Following Russia’s invasion of Ukraine, Germany could no longer afford to stand idly by while another assault was made against European security architecture: this time directly. It dramatically reversed Merkel’s long-standing Russia policy.

Russia’s invasion has strengthened Kyiv’s position in its dispute with Berlin, and allowed Ukraine to sharply criticize Germany for its sluggishness and excessive caution. Now Ukraine is enjoying enormous public and lobbying support in the EU states, and feels it has a moral right to pressure the German government. 

Many Ukrainians hold former chancellor Merkel partly responsible for the start of the war. She is blamed for everything: the Nord Stream projects, calls to lift anti-Russian sanctions, and attempts to push Ukraine into signing the disadvantageous Minsk agreements. Her recent calls for negotiations with Russia have not improved her reputation.

On the one hand, this criticism has helped Kyiv to prod Germany toward more active support of Ukraine. On the other hand, public clashes—including between German Chancellor Olaf Scholtz and Ukraine’s then ambassador to Germany, Andriy Melnyk—have done little to improve bilateral relations.

Since Ukraine is focused on defense, and has made little headway on restarting its economy and launching other reforms, the war has narrowed the scope of the countries’ relationship to security issues and military assistance.

Bilateral relations cannot improve right now, because the two countries have fundamentally different outlooks on the progress and prospects of the war. Kyiv believes it has no time to spare: its resources are rapidly being depleted by the war, and the humanitarian crisis is getting worse, while the West is growing tired of the protracted conflict and will soon be more insistent in urging the two sides to freeze it. Ukraine, therefore, is appealing for swifter military aid so it can drive the Russian troops at least from the territories occupied since February 24.

Germany can’t meet all of Ukraine’s demands so quickly. Some of the elites don’t want to do so at all, fearing a conflict between Russia and NATO or, even worse, the use of nuclear weapons by Moscow.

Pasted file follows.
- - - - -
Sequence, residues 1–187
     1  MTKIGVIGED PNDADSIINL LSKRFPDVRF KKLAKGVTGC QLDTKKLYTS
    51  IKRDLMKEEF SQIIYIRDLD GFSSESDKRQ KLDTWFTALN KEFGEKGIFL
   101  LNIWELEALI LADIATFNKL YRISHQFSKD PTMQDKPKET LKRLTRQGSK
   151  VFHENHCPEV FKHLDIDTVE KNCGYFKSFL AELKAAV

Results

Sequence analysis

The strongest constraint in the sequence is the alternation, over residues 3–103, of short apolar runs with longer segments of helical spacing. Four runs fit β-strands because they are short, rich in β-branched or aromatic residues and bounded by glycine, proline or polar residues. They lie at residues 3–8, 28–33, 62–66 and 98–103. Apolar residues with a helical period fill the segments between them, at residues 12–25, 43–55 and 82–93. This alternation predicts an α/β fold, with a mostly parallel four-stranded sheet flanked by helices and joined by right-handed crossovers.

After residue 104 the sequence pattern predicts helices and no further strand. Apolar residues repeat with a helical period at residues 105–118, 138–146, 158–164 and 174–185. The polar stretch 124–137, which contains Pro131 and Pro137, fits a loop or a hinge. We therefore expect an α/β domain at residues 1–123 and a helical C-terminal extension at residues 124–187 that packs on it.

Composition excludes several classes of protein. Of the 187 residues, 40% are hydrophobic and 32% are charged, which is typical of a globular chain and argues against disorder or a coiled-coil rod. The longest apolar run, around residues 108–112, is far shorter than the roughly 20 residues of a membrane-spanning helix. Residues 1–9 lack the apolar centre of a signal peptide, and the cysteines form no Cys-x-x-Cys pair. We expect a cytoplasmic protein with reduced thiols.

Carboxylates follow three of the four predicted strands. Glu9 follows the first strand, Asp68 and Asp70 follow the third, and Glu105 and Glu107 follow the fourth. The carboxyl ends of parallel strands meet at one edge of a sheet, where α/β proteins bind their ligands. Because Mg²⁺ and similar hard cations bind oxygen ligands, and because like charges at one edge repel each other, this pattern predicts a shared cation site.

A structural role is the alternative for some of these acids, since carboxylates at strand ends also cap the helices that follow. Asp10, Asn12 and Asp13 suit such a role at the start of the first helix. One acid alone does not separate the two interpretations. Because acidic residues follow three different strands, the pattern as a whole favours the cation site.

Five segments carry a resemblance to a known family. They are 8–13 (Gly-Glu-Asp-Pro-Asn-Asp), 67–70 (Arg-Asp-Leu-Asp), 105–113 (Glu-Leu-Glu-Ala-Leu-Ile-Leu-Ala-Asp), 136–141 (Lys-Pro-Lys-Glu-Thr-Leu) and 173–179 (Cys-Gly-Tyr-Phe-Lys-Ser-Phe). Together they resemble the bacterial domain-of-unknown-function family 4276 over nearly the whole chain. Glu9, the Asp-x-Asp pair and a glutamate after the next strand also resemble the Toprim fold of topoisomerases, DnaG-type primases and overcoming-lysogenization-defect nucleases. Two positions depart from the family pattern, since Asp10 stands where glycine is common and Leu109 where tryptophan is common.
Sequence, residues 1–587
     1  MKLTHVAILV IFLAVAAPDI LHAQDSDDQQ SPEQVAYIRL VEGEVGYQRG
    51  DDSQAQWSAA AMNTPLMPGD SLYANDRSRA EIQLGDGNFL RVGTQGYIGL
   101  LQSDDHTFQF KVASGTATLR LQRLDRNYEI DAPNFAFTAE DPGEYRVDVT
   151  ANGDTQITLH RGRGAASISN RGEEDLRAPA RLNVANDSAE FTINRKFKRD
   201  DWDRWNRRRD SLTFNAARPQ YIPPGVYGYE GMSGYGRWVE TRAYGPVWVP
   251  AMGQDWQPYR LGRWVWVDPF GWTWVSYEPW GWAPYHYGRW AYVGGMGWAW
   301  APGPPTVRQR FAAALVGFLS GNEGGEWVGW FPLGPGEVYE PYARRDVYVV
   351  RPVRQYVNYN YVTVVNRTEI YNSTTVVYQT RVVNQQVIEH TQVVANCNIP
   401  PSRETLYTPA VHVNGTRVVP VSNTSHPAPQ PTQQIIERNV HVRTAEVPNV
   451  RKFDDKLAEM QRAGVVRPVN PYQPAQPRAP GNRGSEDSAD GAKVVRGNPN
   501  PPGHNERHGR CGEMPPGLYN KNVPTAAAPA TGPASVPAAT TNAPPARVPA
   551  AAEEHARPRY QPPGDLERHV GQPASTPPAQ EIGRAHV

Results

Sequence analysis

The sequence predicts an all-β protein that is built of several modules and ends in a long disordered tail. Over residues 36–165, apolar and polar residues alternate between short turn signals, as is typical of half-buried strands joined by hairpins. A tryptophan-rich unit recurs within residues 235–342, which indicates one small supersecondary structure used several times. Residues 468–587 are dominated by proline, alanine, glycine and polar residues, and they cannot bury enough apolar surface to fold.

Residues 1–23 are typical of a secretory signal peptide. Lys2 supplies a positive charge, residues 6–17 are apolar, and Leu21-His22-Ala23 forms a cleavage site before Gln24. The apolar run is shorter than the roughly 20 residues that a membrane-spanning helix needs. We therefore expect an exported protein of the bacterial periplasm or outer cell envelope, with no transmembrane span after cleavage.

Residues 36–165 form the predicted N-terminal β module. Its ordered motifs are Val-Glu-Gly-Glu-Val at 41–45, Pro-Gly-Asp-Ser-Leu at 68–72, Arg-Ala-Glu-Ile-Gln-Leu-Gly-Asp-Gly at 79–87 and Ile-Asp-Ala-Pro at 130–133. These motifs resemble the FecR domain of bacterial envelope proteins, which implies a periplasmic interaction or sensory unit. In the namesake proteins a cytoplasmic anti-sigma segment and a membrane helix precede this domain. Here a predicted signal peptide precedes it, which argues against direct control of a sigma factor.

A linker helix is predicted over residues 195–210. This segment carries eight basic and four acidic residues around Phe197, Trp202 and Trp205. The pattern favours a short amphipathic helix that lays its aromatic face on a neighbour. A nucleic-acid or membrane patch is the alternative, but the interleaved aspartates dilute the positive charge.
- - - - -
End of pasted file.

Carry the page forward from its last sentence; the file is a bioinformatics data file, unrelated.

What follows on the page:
Still, the war has prompted Germany to reevaluate its role in the EU. Having long been its economic leader, it now aspires to be the bloc’s security and defense leader, too. Since no cooperation on Eurasia’s security architecture with Russia is possible, Berlin is focusing on active containment strategies. Since any containment of Russia is impossible without active Ukrainian participation, that means Kyiv will be integrated in Western structures in some form. 

Yet Ukrainians will remember what they call “Germany’s appeasement of Russia” in 2014–2022 for some time, making it hard for Germany to earn Ukraine’s complete trust. Also, unless Ukraine restarts its economy, its relations with Germany will remain limited to military aid and financial and humanitarian assistance. 

Even though Ukraine’s foreign policy will continue to be pro-Western and focused on joining the Euro-Atlantic organizations, the country will also seek to strengthen regional partnerships with Turkey, Poland, the Baltic states, and the UK to counterbalance German and French influence, since Kyiv won’t trust these countries completely. It’s also possible that Kyiv and Berlin will disagree on how to contain Russia in the future. Ukraine won’t want to become another buffer zone separating Russia and the West, but that is the scenario Germany will give serious consideration, fearing another war or Moscow’s nuclear threats.

The problems in bilateral relations, therefore, are unlikely to disappear any time soon. To transcend them, Germany will need to leave behind old ideas and stereotypes, while Ukraine must overcome the effects of war, build a new economy, and present a long-term development plan that its Western partners can embrace.

  • Iliya Kusa